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Despite slow start, Vulin thinks Jaspers’ future is bright

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It was just a few minutes after her Manhattan College women’s basketball team came out on the short end of a 79-48 decision against Stony Brook. Yet head coach Heather Vulin was smiling. Even upbeat.

Yes, her Jaspers had just struggled mightily against a Seawolves team that used a 27-8 second quarter to propel them to the lopsided win. But there was Vulin, now in her third season as head coach at Manhattan, ticking off the reasons why she believes in this team so much, and why outcomes like last Saturday’s will soon be the exception rather than the norm.

“This is the most talented team I’ve had since I’ve been here,” Vulin said, that smile growing larger as she spoke. “Everyone who is on this roster is someone that we’ve identified and brought in. I’m very excited for what we have here.”

Two seasons ago, in her first year at the helm, Vulin struggled through a forgettable 8-22 season, including a 4-16 mark in the Metro Atlantic Athletic Conference. But that was a season that saw players of the previous coaching regime dotting the roster — even some very talented athletes like Kayla Grimme and Amani Tatum.

But Vulin had yet to put her fingerprints on her program.

Last year, Vulin guided the Jaspers to 13 overall wins and a solid 9-9 mark in the MAAC, good for sixth place. There was also a win in the conference tournament over Iona before losing in the quarterfinals to eventual tournament finalist Marist.

Now with a roster comprised of four freshmen, five sophomores, five juniors and a grad student — there are no seniors — Vulin scheduled a very challenging non-conference schedule this season in order to have her young team battle-tested once the conference season begins in early January. Opponents such as Albany, Drexel, St. Francis, Fordham and Stony Brook were all selected in the top three of their respective conference preseason polls, so this is no cupcake schedule.

“I really have a lot of respect for our conference, the MAAC, and so I really wanted to go out and find teams that would really get us ready for MAAC play,” Vulin said. “Right now we’re a one-bid league (for the NCAA Tournament), so if you’re not going to win the MAAC, then you’re not going anywhere.”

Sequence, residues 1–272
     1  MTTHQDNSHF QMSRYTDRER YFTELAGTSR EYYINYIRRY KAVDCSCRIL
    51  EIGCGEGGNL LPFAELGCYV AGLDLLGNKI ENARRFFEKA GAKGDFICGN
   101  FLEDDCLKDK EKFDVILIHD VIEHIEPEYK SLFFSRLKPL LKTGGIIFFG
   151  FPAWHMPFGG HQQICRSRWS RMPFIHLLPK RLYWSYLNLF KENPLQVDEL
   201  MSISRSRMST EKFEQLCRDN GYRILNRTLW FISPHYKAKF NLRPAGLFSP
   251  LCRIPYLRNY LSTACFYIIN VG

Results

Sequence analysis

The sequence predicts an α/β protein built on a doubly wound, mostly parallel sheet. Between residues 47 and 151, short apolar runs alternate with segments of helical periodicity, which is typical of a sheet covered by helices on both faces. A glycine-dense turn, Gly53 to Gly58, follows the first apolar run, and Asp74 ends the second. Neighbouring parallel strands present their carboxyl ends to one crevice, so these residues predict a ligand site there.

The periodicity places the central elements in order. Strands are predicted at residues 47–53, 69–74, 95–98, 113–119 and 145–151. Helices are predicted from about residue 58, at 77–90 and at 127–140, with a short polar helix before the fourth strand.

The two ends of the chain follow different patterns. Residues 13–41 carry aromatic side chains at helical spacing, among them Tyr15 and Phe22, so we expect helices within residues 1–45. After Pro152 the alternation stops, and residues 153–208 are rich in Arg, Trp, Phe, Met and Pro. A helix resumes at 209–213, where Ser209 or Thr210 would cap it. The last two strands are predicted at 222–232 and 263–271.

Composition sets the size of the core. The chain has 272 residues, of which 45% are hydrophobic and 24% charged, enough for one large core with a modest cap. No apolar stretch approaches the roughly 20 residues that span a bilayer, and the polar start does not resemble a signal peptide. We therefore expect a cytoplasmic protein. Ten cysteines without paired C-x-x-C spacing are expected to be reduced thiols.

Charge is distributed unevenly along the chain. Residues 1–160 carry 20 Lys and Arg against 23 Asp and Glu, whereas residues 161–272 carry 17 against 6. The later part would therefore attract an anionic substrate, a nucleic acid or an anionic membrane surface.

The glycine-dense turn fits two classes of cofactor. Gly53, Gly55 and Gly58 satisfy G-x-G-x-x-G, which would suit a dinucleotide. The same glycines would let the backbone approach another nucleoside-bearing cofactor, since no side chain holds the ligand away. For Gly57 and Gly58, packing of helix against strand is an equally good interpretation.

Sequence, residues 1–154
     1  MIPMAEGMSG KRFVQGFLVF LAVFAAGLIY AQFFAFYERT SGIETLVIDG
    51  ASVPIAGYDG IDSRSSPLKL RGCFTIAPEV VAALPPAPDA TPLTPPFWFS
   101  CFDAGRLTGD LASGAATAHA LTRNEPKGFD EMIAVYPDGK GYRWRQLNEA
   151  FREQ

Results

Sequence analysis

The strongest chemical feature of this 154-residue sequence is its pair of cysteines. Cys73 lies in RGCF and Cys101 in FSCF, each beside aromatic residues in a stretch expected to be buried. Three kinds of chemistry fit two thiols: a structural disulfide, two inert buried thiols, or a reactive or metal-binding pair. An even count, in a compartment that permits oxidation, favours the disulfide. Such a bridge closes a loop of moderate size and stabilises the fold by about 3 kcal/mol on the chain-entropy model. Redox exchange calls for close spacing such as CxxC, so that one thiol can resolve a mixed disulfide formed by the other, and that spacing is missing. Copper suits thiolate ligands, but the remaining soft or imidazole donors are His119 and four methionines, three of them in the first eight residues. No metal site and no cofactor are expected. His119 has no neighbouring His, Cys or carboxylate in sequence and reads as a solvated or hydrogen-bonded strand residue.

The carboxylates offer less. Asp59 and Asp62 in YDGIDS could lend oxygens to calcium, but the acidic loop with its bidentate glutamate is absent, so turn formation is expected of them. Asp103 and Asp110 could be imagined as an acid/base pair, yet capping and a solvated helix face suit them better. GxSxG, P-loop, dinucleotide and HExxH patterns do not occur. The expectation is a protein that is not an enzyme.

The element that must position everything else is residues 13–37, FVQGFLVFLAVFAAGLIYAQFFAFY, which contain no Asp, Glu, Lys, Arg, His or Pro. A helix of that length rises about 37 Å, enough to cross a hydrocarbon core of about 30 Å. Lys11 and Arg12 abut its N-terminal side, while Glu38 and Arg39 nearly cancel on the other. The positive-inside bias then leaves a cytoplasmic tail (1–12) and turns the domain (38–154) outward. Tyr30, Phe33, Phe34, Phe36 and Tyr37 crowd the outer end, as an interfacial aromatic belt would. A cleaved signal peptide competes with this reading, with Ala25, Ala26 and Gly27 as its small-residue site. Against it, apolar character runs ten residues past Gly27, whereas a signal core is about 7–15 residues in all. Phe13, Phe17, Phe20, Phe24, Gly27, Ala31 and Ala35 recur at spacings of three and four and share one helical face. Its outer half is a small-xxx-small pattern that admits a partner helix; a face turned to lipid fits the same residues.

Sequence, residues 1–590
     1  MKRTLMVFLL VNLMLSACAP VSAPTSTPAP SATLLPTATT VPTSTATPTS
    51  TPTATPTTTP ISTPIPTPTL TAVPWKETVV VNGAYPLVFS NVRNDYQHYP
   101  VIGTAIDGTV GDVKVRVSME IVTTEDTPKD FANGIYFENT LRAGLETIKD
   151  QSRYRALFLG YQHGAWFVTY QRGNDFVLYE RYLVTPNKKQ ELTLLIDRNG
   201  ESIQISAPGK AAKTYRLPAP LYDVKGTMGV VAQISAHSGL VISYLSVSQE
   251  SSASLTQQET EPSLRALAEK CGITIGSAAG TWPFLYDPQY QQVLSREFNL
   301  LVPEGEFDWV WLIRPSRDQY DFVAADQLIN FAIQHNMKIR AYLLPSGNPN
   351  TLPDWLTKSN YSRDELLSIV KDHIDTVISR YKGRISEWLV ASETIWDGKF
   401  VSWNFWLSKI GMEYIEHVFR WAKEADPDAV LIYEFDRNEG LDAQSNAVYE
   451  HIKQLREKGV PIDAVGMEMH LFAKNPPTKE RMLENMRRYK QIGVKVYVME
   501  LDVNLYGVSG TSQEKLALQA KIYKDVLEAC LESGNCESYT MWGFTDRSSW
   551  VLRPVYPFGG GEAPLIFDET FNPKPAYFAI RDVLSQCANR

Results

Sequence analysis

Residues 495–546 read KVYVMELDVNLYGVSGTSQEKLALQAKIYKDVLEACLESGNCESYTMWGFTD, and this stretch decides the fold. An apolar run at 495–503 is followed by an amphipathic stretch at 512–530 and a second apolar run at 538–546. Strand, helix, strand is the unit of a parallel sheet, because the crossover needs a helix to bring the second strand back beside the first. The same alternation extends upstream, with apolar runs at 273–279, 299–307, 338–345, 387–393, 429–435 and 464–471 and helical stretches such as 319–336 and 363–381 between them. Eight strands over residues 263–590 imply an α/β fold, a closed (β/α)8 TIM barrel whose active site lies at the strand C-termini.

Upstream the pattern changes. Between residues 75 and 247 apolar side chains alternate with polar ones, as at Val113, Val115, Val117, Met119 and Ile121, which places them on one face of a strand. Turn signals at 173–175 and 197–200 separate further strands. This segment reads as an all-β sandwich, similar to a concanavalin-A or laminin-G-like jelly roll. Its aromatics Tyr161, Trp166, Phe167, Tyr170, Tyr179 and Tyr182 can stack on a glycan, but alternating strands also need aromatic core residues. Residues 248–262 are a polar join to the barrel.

Vulin lined up one stiff test after another in order to gauge the growth of her young team. And although the Jaspers are off to a 1-3 start — with two of the losses coming by just six points and both on the road — she thinks some early-season pain will result in some late-season gain.

“Obviously in the non-conference you want to win every game you can, but I don’t want to give my team a false sense of confidence of where we’re at,” Vulin said. “Stony Brook is picked second in their league, and they showed what you need to do and how to do it. Hats off to them. I don’t want to take anything away from them, but I just felt with my young team we just didn’t know how to handle the adversity yet. But we’re going to get there.”

Vulin’s roster is mix of local flavor and European flair. Nine of her players — reigning MAAC rookie of the week D’Yona Davis, Gabby Cajou, Kania Pollock, Lynette Taitt, Lizahya Morgan, Sydney Watkins, Nyala Pendergrass, Diamond Shavis and Pamela Miceus — hail from the tri-state area, with Courtney Warley calling Pennsylvania home. Sini Makela and Tuuli Menna come to Riverdale from Finland. Julie Hoier is from Denmark,. Emma Bedeker arrives from Canada. And grad student Candela Abejon is from Spain.

It’s a melting pot Vulin thinks will bubble into a team to be reckoned with in the MAAC before all is said and done.

“They have definitely shown fight and they have shown improvement,” the coach said. “Like I said, it’s definitely the most talent we’ve had, but as I told them after the Albany game (a 60-54 loss on Nov. 2), ‘I need you guys to grow up quick. I don’t want to wait until Game 7 or Game 8, and then you figure it out because then we have wasted the whole non-conference schedule. Let’s start having some fun and doing things the right way.’

“I believe in this team, and I’m excited for the future of the program.”

The Jaspers play six of their next seven games at Draddy Gym, starting with a Saturday matchup with Detroit Mercy at 2 p.m. Vulin hopes area hoop fans will jump on the Jasper bandwagon during their extended home stay.

“We love playing at Draddy,” she said, “and we’re just trying to get more people in the community to know about us and want and come support a really fun style of play.”

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